The first European fleet, four Portuguese ships from Malacca, arrived in 1513 when the Portuguese were looking for a route for spices.[17] The Hindu Kingdom of Sunda made an alliance treaty with Portugal by allowing the Portuguese to build a port in 1522 to defend against the rising power of the Islamic Sultanate of Demak from central Java.[18] In 1527, Fatahillah, a Javanese general from Demak attacked and conquered Sunda Kelapa, driving out the Portuguese. Sunda Kelapa was renamed Jayakarta,[18] and became a fiefdom of the Sultanate of Banten which became a major Southeast Asia trading centre.

Through the relationship with Prince Jayawikarta from the Sultanate of Banten, Dutch ships arrived in Jayakarta in 1596. In 1602, the English East India Company's first voyage, commanded by Sir James Lancaster, arrived in Aceh and sailed on to Banten where they were allowed to build a trading post. This site became the centre of English trade in Indonesia until 1682.[19]

Jayawikarta is thought to have made trading connections with the English merchants, rivals of the Dutch, by allowing them to build houses directly across from the Dutch buildings in 1615.[20]

Colonial era

Dutch Batavia built in what is now Jakarta, by Andries Beeckman c. 1656

When relations between Prince Jayawikarta and the Dutch deteriorated, Jayawikarta's soldiers attacked the Dutch fortress. Prince Jayawikarta's army and the English were defeated by the Dutch, in part owing to the timely arrival of Jan Pieterszoon Coen (J.P. Coen). The Dutch burned the English fort, and forced the English to retreat on their ships. The victory consolidated Dutch power and in 1619 they renamed the city Batavia.

Commercial opportunities in the capital of the Dutch colony attracted Indonesian and especially Chinese and Arab immigrants. This sudden population increase created burdens on the city. Tensions grew as the colonial government tried to restrict Chinese migration through deportations. Following a revolt, 5,000 Chinese were massacred by the Dutch and natives on 9 October 1740 and the following year, Chinese inhabitants were moved to Glodok outside the city walls.[21] At the beginning of the nineteenth century, around 400 Arabs and Moors lived in Batavia, a number which changed little during the following decades. Among the commodities traded, fabrics, especially imported cotton, batik and clothing occupied by Arab communities.[22]

The City Hall of Batavia (Stadhuis van Batavia), the seat of Governor General of VOC in late 18th century by Johannes Rach c. 1770. The building now is the houses of Jakarta History Museum, Jakarta Old Town.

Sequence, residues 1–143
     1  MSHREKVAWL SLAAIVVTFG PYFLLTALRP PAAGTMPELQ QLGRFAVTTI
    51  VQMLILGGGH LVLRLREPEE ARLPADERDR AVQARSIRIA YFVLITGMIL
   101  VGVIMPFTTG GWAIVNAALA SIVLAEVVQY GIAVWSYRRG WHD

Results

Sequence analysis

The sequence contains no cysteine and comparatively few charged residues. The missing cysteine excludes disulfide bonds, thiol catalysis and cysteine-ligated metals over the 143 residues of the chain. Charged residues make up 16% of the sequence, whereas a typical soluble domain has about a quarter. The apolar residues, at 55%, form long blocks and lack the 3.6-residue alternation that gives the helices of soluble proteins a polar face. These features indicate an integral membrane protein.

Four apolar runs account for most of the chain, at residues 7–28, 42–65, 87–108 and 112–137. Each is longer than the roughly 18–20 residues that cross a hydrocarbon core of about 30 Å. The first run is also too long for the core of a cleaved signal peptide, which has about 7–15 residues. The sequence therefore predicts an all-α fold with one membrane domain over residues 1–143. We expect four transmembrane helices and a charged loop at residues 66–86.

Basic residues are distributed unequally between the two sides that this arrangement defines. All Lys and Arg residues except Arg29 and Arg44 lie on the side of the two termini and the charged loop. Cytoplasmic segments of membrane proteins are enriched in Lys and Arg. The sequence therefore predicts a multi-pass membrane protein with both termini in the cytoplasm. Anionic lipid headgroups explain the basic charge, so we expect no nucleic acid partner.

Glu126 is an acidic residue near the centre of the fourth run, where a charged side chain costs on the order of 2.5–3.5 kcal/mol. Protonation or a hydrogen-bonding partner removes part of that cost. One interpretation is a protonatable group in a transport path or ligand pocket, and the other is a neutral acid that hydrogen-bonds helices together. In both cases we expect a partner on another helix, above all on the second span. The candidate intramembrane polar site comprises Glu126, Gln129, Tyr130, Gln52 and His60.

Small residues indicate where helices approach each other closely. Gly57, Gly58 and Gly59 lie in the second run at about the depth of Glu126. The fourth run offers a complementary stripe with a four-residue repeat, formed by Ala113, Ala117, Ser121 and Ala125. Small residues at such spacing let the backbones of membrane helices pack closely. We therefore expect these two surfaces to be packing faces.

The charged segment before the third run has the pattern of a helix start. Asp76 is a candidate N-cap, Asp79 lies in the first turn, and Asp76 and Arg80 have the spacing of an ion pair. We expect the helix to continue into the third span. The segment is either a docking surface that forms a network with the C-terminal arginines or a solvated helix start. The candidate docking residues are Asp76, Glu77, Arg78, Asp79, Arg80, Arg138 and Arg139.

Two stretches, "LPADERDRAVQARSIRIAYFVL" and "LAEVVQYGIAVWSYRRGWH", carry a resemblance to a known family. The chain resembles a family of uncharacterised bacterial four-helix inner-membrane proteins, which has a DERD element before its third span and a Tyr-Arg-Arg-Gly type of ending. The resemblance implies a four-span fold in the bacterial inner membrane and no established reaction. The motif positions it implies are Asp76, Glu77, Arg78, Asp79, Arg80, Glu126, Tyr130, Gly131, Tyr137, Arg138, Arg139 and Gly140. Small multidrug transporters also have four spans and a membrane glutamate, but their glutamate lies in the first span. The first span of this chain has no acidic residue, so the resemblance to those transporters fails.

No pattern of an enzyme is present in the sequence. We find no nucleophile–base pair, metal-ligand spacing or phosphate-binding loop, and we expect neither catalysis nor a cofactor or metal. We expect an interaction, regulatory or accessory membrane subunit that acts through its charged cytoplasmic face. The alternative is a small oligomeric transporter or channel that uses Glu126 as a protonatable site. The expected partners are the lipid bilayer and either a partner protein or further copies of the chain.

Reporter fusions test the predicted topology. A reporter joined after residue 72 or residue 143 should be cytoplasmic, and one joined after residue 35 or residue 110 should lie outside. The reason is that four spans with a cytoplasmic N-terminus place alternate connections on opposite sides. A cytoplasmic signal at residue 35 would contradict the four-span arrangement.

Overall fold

The city began to expand further south as epidemics in 1835 and 1870 caused more people to move away from the port. The Koningsplein, now Merdeka Square was completed in 1818, the housing park of Menteng was started in 1913,[23] and Kebayoran Baru was the last Dutch-built residential area.[21] By 1930 Batavia had more than 500,000 inhabitants,[24] including 37,067 Europeans.[25]

After World War II, the city of Batavia was renamed "Jakarta" (short form of Jayakarta) by the Indonesian nationalists after achieving independence from the Dutch in 1946.[26]

Independence era

Monas stands in the center of Merdeka square, commemorates Indonesian struggle for independence.

Following World War II, Indonesian Republicans withdrew from Allied-occupied Jakarta during their fight for Indonesian independence and established their capital in Yogyakarta. In 1950, once independence was secured, Jakarta was once again made the national capital.[21] Indonesia's founding president, Sukarno, envisaged Jakarta as a great international city, and instigated large government-funded projects with openly nationalistic and modernist architecture.[27][28] Projects included a clover-leaf highway, a major boulevard (Jalan MH Thamrin-Sudirman), monuments such as The National Monument, Hotel Indonesia, a shopping centre, and a new parliament building. In October 1965, Jakarta was the site of an abortive coup attempt in which 6 top generals were killed, precipitating a violent anti-communist purge in which half-a million people were killed, including many ethnic Chinese,[29] and the beginning of Suharto's New Order. A monument stands where the generals' bodies were dumped.

Jalan Jenderal Sudirman, Jakarta's main avenue and business district

In 1966, Jakarta was declared a "special capital region" (daerah khusus ibukota), thus gaining a status approximately equivalent to that of a province.[30] Lieutenant General Ali Sadikin served as Governor from the mid-1960s commencement of the "New Order" through to 1977; he rehabilitated roads and bridges, encouraged the arts, built several hospitals, and a large number of new schools. He also cleared out slum dwellers for new development projects—some for the benefit of the Suharto family[31][32]—and tried to eliminate rickshaws and ban street vendors. He began control of migration to the city to stem overcrowding and poverty.[33] Foreign investment contributed to a real estate boom which changed the face of the city.[34]